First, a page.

US golfers’ number close to edge of collapase

By: May 14, 2011

Gen Yesuda says in his article in that for the third consecutive year, the number of golfers in the U.S. declined, falling 3.6 percent to 26.1 million in 2010, according to the National Golf Foundation.

The slide, from 27.1 million golfers in 2009, wasn’t unexpected in light of the heavy toll the recession has had on the sport and the economy in general.

The decline has not started in 2009, but even earlier we saw signs that something went wrong. At the same time I would not use the economic climeate as an exemption. This is just one reason among the others (+golf equipments' (golf clubs, golf balls, golf trainings etc.) prices went up). Couple of signs shown us that the way we are managing golf club membership (namely golf club membership policy) is not in favour of golf courses and golf industry itself. We also saw how such emblematic company like Acushnet Company  (manufacturer of Titleist, Scotty Cameron etc.) and Ping are struggling to be profitable.

Almost a year ago I warned people that the current golf club membership policy does not fit to the current business environment and not in favour to recruit new players to golf sport. People do not like those old-fashioned rules of golf courses of the 20th century. They expect openness, transparency and flexibility. To be a golf club member should not be a privilege but something like a fan of a Facebook page.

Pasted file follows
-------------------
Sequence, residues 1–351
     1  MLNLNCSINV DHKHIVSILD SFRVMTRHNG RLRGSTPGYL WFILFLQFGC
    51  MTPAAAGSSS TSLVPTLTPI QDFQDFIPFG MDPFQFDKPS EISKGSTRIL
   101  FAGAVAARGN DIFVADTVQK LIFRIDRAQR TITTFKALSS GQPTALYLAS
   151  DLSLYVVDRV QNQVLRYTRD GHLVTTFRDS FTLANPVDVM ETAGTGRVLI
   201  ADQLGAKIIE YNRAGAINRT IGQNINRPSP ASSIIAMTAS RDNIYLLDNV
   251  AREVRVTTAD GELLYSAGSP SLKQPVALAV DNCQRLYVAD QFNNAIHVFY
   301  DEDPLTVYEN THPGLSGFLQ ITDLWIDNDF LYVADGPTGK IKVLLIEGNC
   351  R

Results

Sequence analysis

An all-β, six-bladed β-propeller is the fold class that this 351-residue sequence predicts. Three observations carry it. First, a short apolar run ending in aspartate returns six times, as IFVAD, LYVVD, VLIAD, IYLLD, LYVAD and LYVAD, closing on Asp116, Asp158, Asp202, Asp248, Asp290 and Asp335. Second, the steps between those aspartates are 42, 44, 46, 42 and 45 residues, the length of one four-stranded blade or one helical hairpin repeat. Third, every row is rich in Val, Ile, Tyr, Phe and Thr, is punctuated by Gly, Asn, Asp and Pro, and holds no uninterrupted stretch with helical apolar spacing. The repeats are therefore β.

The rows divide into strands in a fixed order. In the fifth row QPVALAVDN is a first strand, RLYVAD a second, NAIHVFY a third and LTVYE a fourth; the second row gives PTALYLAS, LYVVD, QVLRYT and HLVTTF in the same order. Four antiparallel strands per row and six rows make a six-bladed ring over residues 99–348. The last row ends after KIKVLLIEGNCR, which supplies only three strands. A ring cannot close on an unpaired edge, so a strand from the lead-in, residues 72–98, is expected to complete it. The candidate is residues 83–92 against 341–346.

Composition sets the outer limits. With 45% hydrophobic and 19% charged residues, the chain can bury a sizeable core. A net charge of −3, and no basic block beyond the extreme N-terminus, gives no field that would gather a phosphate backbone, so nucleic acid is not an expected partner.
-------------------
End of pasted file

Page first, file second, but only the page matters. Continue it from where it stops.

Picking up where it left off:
Here are some findings of National Golf Foundation:

• The number of “core” golfers (eight or more rounds annually) dropped to 14.8 million – down 3.6 percent from 15.3 million in 2009.

• “Occasional” golfers suffered a similar decline: a drop of 3.7 percent to 11.3 million from 11.8 million in 2009.

• The number of rounds played in 2010 was 475 million, down 2.3 percent from 486 million in the previous year. (By comparison, rounds played in 2000 and 2005 was 518 million and 500 million, respectively.)

The participation study defines a golfer as a person, age 6 or older, who plays at least one round of golf in a given year. Its results are “derived from a multi-sport study of 40,000 Americans, executed in conjunction with the Sporting Goods Manufacturers Association,” the NGF stated.